Excerpt from a new Nature article by Adam M. Mastroianni and Daniel T. Gilbert:
Anecdotal evidence indicates that people believe morality is on the decline. In a series of studies using both archival and original data (not= 12,492,983), we show that people in at least 60 countries around the world believe that morality is declining, that they have believed in it for at least 70 years, and that they attribute the decline to both declining morality of individuals as they age and to the decreasing morality of successive generations. Next, we show that people’s reports of the morality of their contemporaries have not declined over time, suggesting that the perception of moral decline is an illusion. Finally, we show how a simple mechanism based on two well-established psychological phenomena (biased exposure to information and biased memory for information) can produce an illusion of moral decline, and we report studies that confirm two of its predictions about when the perception of moral decline is lessened, eliminated, or reversed (i.e. when respondents are asked about the morality of people they know well or people who lived before the birth of the respondent). Together, our studies show that the perception of moral decline is pervasive, enduring, unfounded, and easily produced. This illusion has implications for research on the misallocation of scarce resources, underutilization of social support, and social influence.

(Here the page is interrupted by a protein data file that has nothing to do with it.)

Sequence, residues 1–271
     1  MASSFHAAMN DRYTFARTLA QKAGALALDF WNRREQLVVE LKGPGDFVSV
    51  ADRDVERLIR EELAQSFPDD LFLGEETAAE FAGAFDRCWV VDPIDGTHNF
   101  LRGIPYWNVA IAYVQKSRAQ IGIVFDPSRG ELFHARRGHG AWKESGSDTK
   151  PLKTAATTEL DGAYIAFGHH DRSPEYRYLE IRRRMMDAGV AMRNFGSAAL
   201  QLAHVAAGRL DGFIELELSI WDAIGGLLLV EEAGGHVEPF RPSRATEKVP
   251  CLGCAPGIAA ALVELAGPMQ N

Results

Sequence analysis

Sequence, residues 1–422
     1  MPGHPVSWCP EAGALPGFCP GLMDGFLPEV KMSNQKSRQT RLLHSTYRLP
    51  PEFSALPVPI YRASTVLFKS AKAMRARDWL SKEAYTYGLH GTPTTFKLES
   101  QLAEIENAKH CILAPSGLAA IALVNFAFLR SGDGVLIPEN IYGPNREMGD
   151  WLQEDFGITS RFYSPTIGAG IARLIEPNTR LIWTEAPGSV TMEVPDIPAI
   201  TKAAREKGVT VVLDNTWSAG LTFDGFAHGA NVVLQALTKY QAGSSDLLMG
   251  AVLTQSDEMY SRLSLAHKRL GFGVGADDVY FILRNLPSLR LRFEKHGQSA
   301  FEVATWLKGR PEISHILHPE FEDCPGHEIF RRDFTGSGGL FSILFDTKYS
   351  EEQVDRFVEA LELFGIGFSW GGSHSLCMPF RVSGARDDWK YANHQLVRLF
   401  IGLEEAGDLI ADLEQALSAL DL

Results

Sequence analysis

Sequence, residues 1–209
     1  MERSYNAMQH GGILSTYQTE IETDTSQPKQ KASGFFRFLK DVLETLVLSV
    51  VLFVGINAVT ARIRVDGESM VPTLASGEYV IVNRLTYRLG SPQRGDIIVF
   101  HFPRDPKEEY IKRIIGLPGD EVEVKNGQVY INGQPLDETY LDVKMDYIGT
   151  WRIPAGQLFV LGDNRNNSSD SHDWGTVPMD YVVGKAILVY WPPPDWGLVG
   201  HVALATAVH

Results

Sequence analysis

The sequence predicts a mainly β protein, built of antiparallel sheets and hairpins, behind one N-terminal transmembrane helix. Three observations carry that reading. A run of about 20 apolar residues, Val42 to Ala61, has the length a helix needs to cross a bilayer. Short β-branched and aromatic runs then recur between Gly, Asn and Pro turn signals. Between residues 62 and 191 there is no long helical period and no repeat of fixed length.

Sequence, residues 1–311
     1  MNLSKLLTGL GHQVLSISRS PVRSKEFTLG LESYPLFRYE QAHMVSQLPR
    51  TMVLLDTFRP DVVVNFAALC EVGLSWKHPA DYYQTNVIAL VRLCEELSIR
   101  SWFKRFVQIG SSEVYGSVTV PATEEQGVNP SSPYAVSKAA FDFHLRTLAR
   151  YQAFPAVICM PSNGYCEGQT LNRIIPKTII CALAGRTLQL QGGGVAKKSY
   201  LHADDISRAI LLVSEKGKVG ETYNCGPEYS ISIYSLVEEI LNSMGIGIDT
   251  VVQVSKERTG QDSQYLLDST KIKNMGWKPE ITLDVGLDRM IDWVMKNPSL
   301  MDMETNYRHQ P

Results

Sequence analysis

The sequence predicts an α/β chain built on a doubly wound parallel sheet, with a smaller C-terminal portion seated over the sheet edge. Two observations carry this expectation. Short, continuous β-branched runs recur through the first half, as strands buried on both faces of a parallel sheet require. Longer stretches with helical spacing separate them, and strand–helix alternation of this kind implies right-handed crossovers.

Here is the full paper, thanks to whoever sent this to me. You’re no worse than the people who sent me stuff (at least I hope).